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March 25, 2009

Signs of Good Health and Why We Should Report Them

Variety has an intriguing story about the Motion Picture Association of America's curious response to its box-office fortune: the desire to sweep it under the rug. The association's annual report recapping the previous year is due right about now, its release timed to coincide with the lead-up to the industry's ShoWest convention, which begins Monday. Pamela McClintock writes:

So far, the 2008 report is missing in action despite the fact that it was a record-breaking year at both the domestic and international box office.

Turns out that's the problem --insiders say MPAA topper Dan Glickman doesn't want to publicly tout the health of the box office during the economic crisis. Nor does he want to give Washington politicos ammunition.

That is, he doesn't want to talk up the good news because the MPAA is still hoping for tax breaks from the federal government. So this year, instead of holding the usual conference call with journalists to review the report before ShoWest, the MPAA will quietly place the document online next week.

All of which raises an interesting issue: Who else is doing well, and are they keeping their heads down, too? It's bad out there, but life is going on, and the pain isn't universal. We look at our own industry and see the sky falling, but it isn't falling everywhere -- not even in journalism -- and the news shouldn't suggest that it is.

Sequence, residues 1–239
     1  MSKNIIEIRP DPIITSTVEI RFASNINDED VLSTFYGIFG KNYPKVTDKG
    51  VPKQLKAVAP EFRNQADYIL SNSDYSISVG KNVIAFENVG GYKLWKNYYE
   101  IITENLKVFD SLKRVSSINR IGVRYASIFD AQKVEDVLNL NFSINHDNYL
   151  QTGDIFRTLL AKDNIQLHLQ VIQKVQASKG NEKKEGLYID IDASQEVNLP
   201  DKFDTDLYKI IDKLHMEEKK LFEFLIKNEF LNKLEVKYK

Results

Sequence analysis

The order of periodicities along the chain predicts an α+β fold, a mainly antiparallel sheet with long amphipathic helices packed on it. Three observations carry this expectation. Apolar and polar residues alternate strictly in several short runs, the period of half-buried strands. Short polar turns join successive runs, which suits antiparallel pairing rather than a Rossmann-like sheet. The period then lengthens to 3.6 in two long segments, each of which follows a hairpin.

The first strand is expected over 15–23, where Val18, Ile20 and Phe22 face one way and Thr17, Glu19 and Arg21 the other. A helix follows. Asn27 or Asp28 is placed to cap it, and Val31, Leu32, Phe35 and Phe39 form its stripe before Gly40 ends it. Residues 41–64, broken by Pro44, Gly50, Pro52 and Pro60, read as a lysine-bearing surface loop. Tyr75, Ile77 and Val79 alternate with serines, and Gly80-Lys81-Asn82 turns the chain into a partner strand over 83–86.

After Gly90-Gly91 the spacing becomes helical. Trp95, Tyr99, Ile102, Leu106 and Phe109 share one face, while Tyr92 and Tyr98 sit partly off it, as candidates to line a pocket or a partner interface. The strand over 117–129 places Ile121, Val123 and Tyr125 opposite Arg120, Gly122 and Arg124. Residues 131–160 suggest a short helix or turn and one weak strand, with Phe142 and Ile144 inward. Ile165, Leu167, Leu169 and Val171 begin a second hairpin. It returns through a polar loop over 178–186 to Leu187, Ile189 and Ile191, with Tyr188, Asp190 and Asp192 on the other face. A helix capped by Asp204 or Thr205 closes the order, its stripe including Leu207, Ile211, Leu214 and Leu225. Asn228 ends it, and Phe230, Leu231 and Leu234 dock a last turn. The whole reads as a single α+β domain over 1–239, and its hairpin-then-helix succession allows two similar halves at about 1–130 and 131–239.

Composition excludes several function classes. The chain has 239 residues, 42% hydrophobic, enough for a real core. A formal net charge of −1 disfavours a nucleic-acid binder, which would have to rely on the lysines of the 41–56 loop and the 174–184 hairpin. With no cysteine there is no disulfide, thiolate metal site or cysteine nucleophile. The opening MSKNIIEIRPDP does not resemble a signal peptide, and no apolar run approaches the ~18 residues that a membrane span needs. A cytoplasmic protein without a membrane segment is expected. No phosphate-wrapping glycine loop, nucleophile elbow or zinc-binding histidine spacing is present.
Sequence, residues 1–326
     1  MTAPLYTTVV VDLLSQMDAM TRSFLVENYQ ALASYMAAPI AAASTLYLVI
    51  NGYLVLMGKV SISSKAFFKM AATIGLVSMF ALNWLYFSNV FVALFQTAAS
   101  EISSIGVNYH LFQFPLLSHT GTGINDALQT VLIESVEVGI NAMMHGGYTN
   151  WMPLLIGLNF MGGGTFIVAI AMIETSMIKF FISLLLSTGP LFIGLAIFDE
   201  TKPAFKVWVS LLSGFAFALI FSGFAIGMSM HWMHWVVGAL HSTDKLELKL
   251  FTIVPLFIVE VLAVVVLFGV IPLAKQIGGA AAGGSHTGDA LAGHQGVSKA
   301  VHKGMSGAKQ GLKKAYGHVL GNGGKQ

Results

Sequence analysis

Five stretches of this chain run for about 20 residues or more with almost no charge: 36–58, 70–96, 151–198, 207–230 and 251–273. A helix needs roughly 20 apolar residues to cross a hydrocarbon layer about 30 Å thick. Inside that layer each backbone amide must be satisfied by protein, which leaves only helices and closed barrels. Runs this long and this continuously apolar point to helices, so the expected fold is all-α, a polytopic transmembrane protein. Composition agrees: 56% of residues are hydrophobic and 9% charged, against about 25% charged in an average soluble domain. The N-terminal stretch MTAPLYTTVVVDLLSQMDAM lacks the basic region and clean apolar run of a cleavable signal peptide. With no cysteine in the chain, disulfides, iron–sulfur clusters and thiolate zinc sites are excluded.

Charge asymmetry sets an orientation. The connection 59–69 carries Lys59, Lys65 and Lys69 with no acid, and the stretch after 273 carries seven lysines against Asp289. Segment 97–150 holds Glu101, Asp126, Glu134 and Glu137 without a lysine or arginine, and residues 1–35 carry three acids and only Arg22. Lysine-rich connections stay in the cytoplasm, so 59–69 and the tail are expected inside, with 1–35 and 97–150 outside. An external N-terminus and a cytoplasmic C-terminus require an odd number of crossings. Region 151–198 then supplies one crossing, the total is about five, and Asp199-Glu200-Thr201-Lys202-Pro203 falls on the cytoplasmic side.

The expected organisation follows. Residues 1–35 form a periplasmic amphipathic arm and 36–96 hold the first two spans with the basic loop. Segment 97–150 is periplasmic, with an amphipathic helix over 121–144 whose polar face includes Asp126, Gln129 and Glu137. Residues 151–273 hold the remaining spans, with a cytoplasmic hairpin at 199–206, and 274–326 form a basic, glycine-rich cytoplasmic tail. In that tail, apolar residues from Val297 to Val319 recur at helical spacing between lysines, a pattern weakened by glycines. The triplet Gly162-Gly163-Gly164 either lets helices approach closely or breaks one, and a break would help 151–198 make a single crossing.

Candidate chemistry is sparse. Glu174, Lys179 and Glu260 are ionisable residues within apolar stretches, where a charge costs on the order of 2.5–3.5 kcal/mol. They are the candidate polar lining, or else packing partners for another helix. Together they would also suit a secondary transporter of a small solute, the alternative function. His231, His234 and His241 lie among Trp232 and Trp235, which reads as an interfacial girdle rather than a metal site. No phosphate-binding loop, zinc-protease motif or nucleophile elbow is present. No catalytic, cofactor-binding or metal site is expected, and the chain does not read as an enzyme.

This isn't just about telling people things that don't make them want to hide under the bed until the economy recovers, though that's a consideration, too. As James Rainey writes today in the Los Angeles Times, "Let's start with one of the most basic tenets of journalism -- that 'news' is what we don't expect. We pull out our notepads for the unexpected: Man bites dog. Plane cartwheels off runway. Jon Stewart goes Mike Wallace on interview subject."

Right now, what we don't expect is that anyone is doing well. And that can mean individuals or institutions taking advantage of that assumption -- to get funding they don't need or deserve, for example, or to blame their woes on the economic crisis when the economic crisis is not at fault. 

Journalists have been too quick lately to accept the economy as a one-size-fits-all explanation for changes in programming, personnel, budgets, fund-raising, and myriad other areas. But we've also been too eager to believe that everyone is suffering, even if the extent of their suffering is a "What if?" internal monologue of anxiety, which we then ask them to verbalize on the record, ensuring that the panic spreads still further.

Those who are doing well might be worried, perhaps for good reason, but they also might have some pointers for the rest of us: "a few lessons about surviving hard times," as Rainey puts it.

We need to look deeper. When so many aren't doing well, the largely untold story is about who is thriving -- and why.
March 25, 2009 7:47 AM | | Comments (0)

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